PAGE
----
In testimony before the Senate Judiciary Committee today, chief executives Scott McNealy of Sun and Jim Barksdale of Netscape repeated their requests for enforcement of existing antitrust laws to keep Microsoft from monopolizing the industry.
"I and many others have become increasingly concerned that Microsoft's abuse of its monopoly power, unless addressed through enforcement of our antitrust laws, will adversely affect the course of American commerce and communications in the Information Age," Barksdale said in prepared remarks.
McNealy echoed that sentiment. "It is critical...that these laws be enforced quickly and decisively to address anticompetitive behavior," he said in his statement.
But both men are also quick to point out that the government should not engage in excessive regulation of the software industry.
"We don't think the outcome of this meeting should result in new legislation or regulation," Barskdale told the Judiciary Committee earlier today. He said such a result ultimately would be "harmful" to the software industry.
"All we're asking for is aggressive, brisk, and current scrutiny" of Microsoft's practices, McNealy said. "We can use the help of the government to enforce the laws of the land."
The comments by the two Microsoft rivals illustrate how they are walking both sides of the rhetorical street. They are beseeching Congress for help, at the same time that they are underscoring that there is no need for further government involvement in their business.
Bob Levy, a senior fellow at the nonpartisan Cato Institute who last month published a paper called "Microsoft and the Browser Wars: Fit to be Tied," stressed this issue about today's hearing: "All the participants took the position, bar none, that no new legislation is needed and that the current antitrust laws can apply in this industry."
Analysts add that any enforcement of antitrust laws against Microsoft has the potential to stymie efforts by other software makers to establish a commanding lead in any particular area of the industry, including Sun and Netscape.
Both companies seem more interested in the short-term gains possible if Microsoft's grip on key markets is loosened by the government, analysts say. Netscape hopes to find some breathing room for its Internet browser and server software in a market increasingly driven by the empire in Redmond, Washington, while Sun hopes that a regulated Microsoft will clear the way for its Java programming language to establish a secure foothold in corporate applications.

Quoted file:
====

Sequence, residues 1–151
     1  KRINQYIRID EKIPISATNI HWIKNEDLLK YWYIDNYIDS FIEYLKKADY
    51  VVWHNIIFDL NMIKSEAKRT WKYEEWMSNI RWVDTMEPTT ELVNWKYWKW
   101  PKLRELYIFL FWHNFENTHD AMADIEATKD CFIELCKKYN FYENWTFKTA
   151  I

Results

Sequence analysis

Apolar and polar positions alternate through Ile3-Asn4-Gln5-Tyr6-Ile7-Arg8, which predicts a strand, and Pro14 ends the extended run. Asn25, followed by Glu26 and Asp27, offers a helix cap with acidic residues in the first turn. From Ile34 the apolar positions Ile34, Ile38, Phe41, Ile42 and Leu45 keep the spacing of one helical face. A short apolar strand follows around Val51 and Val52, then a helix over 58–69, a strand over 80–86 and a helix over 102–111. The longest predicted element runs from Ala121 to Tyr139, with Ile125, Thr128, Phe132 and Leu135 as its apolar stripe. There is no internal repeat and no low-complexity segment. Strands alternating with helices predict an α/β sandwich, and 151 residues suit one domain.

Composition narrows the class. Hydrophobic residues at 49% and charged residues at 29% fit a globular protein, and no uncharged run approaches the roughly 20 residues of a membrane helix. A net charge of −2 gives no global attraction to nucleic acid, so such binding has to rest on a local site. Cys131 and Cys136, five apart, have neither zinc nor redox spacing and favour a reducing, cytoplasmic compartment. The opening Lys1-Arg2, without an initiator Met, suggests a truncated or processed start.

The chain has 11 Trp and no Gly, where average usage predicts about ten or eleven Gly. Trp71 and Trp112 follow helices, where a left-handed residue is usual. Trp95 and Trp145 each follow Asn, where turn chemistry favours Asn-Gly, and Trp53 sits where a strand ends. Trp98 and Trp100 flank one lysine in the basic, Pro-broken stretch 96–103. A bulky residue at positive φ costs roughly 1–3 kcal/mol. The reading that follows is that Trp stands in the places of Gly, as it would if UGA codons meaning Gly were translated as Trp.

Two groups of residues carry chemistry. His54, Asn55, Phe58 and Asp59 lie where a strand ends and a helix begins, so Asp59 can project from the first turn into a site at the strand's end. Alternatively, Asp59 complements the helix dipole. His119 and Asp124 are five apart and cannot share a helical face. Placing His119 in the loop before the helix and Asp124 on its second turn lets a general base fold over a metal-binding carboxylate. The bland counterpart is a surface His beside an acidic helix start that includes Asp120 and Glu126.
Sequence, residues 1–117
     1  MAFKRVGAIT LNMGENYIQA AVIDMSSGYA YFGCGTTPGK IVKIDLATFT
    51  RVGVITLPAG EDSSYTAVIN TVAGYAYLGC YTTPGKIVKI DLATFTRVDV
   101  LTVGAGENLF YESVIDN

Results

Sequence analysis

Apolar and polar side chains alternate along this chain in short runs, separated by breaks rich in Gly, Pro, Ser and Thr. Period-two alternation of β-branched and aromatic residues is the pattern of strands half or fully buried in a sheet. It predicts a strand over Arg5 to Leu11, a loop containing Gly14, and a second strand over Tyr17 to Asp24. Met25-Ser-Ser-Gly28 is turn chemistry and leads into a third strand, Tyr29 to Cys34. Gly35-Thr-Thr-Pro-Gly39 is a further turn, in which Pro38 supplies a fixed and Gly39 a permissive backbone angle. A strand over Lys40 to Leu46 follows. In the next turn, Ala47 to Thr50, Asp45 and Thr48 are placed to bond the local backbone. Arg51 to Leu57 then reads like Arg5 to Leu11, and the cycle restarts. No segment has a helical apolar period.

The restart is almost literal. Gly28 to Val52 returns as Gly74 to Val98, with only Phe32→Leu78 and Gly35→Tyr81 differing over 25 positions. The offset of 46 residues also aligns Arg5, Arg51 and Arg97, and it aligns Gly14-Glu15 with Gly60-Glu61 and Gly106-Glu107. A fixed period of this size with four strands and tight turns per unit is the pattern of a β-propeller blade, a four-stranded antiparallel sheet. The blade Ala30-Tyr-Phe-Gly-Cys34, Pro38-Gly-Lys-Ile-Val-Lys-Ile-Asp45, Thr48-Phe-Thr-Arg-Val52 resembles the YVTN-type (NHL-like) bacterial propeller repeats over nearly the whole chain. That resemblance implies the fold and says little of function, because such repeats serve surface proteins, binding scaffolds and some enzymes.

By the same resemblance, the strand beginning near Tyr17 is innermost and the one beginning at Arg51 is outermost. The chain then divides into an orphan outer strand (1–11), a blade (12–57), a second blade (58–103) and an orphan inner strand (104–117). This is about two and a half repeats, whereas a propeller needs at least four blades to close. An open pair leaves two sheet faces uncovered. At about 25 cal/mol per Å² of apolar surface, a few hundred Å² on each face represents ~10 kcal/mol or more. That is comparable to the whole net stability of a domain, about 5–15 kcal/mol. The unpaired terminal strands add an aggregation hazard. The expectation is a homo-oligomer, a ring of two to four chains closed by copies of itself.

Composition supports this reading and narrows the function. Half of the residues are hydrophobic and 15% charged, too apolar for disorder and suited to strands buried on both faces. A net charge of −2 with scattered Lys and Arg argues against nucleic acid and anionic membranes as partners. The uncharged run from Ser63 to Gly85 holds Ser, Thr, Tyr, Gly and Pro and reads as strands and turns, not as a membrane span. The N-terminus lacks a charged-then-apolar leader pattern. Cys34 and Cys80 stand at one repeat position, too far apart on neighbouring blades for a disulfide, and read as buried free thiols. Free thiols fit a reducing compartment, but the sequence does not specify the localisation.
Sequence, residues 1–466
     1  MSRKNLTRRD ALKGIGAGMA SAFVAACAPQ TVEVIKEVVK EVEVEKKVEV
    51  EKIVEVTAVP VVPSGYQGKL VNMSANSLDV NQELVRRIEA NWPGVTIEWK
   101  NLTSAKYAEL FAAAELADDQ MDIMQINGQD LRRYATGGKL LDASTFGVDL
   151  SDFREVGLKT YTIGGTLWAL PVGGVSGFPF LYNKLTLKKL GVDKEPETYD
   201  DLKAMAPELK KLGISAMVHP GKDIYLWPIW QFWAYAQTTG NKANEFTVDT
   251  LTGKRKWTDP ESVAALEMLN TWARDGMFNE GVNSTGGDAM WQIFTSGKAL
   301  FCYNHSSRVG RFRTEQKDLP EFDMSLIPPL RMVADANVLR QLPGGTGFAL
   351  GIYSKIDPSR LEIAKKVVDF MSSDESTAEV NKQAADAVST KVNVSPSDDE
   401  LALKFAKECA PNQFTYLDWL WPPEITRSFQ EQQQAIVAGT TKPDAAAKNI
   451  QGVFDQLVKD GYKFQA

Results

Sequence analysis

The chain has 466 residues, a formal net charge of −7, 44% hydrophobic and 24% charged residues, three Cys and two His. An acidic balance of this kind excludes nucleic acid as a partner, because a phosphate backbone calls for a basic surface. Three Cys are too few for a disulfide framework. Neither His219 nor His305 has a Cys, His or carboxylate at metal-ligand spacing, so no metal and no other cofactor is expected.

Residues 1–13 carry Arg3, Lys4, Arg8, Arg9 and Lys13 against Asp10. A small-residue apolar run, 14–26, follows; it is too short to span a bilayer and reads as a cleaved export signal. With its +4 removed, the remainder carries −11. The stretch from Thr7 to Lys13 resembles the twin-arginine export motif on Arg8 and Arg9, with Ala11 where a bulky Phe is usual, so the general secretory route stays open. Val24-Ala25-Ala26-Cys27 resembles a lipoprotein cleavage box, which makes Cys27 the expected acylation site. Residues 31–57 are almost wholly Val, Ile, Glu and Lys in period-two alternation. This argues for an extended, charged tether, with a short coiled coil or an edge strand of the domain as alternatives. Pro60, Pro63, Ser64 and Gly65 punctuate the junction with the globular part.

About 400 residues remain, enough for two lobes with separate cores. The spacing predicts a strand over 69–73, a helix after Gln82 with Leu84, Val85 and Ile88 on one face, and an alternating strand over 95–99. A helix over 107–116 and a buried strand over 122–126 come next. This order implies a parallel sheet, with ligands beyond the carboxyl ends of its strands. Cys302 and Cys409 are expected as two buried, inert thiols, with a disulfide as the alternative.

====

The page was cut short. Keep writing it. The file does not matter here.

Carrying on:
But any gain made by Microsoft's competitors may be short-lived if new legislation intended to protect the software industry from a monopoly restricts other companies from establishing a controlling position in the market, according to Stan Dolberg, an analyst with Forrester Research.
"Netscape and Sun are hoping that if they can find a crack in the [Microsoft] facade, they can take advantage of that and worry about the ramifications later," he said. "They want to live to fight another day. If they can loosen Microsoft's grip on operating systems, the technology stack that runs on Windows NT, e-commerce standards, Web browsers, etc., then they feel that they can sort the rest out later."
However, "I don't know how they can distinguish between the areas where they have market clout and those that Microsoft does," Dolberg added. "Companies like Netscape that want to be the consolidation point for industry standards, will be prevented from doing that in the same way that Microsoft will be. So everyone will be prohibited from consolidating and laying the next layer for innovation."
Microsoft's plight has been compared with antitrust issues faced by IBM in the 1980s. Big Blue was eventually forced to unbundle its software from its mainframe hardware.
Microsoft CEO Bill Gates claims that his company has less clout in the market than IBM once had. McNealy, on the other hand, maintains that Microsoft's influence is actually greater because information technology is now a much larger segment of the economy.
Dolberg said any antitrust judgment against Microsoft could have huge ramifications in the software business. "The implications are very broad, especially if the government delves into software engineering."
After the government's decision against IBM in the 1980s, it took the company nearly 12 years to regain a stable market position. A similar ruling against Microsoft might virtually redefine competitive positions in the software business, Dolberg said.
"For Microsoft to reinvent around a new set of dynamics will clearly open the door for competition," he said.
Reuters contributed to this report.